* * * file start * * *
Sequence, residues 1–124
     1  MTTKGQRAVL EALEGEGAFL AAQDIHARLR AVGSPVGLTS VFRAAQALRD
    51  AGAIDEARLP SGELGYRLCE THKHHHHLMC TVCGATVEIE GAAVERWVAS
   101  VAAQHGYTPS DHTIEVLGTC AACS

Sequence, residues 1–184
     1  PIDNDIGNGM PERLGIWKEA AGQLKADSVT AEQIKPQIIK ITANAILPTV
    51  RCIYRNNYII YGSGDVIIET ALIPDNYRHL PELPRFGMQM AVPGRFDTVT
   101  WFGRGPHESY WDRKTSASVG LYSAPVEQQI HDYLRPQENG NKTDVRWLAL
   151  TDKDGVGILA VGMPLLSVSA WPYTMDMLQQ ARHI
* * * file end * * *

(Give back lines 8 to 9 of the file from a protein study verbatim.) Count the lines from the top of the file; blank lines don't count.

   101  WFGRGPHESY WDRKTSASVG LYSAPVEQQI HDYLRPQENG NKTDVRWLAL
   151  TDKDGVGILA VGMPLLSVSA WPYTMDMLQQ ARHI